heating oil has to be delivered, when we go into the winter rush, we are better positioned than we are today. are better positioned than we are toda . a, are better positioned than we are toda . �* ., ., ~ are better positioned than we are toda . �* . . ~' i., , today. okay, brian, thank you very much for that. _ today. okay, brian, thank you very much for that. ryan _ today. okay, brian, thank you very much for that. ryan morrison - today. okay, brian, thank you very much for that. ryan morrison fromj much for that. ryan morrison from the petrol retailers association. a metropolitan police officer will appear before magistrates today charged with rape. david carrick — who is 46 and from stevenage in hertfordshire — is accused of attacking a woman in september of last year. he'll appear at hatfield magistrates court via video link. it's exactly four weeks until world leaders will gather in glasgow for crucial talks on how to manage the climate crisis. the bbc�*s climate editor, justin rowlatt, is in hull for us this morning looking at the role wind power could have in our move towards renewable energy. letsjoinjustin lets join justin live in letsjoinjustin live in hull now. lets joinjustin live in hull now. what can you tell is about what is happening there?— what can you tell is about what is happening there? well, i am in what
i consider happening there? well, i am in what i consider an — happening there? well, i am in what i consider an absolutely _ happening there? well, i am in what i consider an absolutely fabulous - i consider an absolutely fabulous location, the offshore wind turbine factory. as you say, it is in hull, east yorkshire. just take a look at the scale of what they are doing here. huge turbine blades, lined up by the humber estuary. look at those huge turbine columns there. absolutely enormous. this is a wonderful place to be for me, because being the bbc�*s climate editor can be really... i mean this genuinely, it can be really depressing. every morning i go to my inbox and it is bulging with emails about environmental devastation. so coming to a place like this is really exciting, because this is at the epicentre of a new industrial revolution, an industrial revolution designed to tackle the main project of the 21st century, humanity's effort to move away from fossil fuels. so this is all about making low carbon energy. and i've been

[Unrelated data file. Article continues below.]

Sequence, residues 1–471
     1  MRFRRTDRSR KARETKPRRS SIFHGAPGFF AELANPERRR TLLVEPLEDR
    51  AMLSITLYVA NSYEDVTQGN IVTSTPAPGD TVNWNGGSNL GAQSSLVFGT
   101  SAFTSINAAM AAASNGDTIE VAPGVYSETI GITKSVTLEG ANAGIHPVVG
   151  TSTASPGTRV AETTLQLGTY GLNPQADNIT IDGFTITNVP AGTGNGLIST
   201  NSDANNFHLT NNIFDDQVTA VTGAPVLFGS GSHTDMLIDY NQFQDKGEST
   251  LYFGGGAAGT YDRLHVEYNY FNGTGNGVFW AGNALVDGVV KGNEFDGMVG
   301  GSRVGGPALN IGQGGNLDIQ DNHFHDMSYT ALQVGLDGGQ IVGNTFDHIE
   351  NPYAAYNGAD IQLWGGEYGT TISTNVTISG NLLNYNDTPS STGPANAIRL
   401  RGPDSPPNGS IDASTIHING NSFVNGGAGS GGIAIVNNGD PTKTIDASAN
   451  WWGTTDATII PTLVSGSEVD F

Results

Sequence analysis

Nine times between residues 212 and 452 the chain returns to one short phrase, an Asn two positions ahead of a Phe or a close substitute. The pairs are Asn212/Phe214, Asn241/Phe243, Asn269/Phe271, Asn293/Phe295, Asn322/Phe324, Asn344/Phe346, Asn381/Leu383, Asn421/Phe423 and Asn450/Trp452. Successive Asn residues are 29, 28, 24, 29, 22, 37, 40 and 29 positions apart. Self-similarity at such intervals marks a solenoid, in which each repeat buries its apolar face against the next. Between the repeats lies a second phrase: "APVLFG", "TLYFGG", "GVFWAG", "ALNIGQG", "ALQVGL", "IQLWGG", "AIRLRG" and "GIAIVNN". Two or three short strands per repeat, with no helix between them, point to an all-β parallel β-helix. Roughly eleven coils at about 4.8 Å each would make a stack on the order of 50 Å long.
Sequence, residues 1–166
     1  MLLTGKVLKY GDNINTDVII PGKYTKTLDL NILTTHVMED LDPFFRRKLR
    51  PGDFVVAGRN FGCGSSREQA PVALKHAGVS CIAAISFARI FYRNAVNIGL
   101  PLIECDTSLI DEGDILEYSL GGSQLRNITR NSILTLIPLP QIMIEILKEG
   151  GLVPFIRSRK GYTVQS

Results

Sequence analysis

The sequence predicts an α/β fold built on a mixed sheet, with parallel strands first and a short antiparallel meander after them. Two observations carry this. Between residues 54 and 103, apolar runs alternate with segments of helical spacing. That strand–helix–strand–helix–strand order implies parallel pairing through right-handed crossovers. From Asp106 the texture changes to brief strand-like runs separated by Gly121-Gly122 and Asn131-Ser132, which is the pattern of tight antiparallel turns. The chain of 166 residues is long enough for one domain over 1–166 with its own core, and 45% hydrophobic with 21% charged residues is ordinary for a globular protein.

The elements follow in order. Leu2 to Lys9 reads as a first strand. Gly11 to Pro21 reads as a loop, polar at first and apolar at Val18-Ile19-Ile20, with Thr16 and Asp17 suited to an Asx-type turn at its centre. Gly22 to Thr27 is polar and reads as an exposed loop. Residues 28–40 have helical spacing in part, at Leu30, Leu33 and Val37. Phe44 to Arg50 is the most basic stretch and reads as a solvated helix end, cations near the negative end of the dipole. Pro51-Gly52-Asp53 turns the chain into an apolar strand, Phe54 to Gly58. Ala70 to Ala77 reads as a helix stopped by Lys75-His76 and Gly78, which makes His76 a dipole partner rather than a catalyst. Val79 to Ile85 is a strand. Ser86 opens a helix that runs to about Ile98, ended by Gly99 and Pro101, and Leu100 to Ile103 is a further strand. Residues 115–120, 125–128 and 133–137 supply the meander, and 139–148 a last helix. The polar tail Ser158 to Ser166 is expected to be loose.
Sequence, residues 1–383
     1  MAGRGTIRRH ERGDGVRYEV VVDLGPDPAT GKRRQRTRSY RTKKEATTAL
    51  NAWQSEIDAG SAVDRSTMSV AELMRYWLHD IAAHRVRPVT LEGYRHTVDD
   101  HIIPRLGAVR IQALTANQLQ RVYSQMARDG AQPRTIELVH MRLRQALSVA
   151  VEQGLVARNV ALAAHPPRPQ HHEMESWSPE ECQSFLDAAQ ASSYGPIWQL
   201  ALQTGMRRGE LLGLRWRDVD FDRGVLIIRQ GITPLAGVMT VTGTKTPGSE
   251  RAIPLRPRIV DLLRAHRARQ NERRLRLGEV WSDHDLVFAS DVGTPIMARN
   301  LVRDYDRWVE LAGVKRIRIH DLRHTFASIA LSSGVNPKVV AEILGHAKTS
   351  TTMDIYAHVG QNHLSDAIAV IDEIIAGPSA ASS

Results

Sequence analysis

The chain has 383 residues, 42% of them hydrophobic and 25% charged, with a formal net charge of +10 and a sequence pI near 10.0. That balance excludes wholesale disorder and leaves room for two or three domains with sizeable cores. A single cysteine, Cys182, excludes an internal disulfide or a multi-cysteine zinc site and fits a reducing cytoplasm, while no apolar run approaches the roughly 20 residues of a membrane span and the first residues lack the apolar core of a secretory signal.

right out, 120 kilometres out, the north sea is over there, out into the north sea, 75 miles away, to see what it takes to maintain, to keep the blades of the turbines turning on the north sea, delivering clean, green energy to british homes. it's actually much smoother than it looks. 0h! if you thought your commute to work was rough going, check this out. we're with a team trying to get out to service a wind turbine. so, the north sea is famous for its savage weather. but that's why they put the wind turbines out here, because this is where the wind is. but of course, it means they are very hard — whoa — to maintain. whoa! the swell is up to three metres high today, making it too dangerous to climb the ladder. so it's back to the ship for us.
this is where the team of engineers who keep the blades turning live and work. coming through. these guys do 12—hour shifts out here, for 1h straight days, and then get two weeks off. it can be tough but the flourishing offshore wind industry is creating thousands of well—paid skilled jobs — most of them in places like grimsby, that have seen traditional industries decline. my grandad went to sea when he was 1a, as a cabin boy. for seafaring families like mine, offshore wind has really given more options. 80% of our workforce in the east coast come from within an hour of our operational hub. so it's really opened up a world of opportunities that, for seafaring families like mine, really didn't exist 15 years ago. and it is comfortable on the ship. so let me take you on a little tour. right, so, this is my cabin.